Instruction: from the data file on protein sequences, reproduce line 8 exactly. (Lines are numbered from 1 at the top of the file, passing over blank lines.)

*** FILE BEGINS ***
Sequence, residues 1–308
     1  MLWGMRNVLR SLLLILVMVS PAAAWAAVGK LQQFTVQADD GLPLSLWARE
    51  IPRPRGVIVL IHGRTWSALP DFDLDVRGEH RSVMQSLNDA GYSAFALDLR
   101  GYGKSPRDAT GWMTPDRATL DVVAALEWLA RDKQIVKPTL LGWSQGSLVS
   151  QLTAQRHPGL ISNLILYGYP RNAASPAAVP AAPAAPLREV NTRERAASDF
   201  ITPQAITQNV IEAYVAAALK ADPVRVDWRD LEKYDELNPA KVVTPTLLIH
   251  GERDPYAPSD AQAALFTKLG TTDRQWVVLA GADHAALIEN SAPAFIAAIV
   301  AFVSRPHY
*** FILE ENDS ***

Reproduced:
   301  AFVSRPHY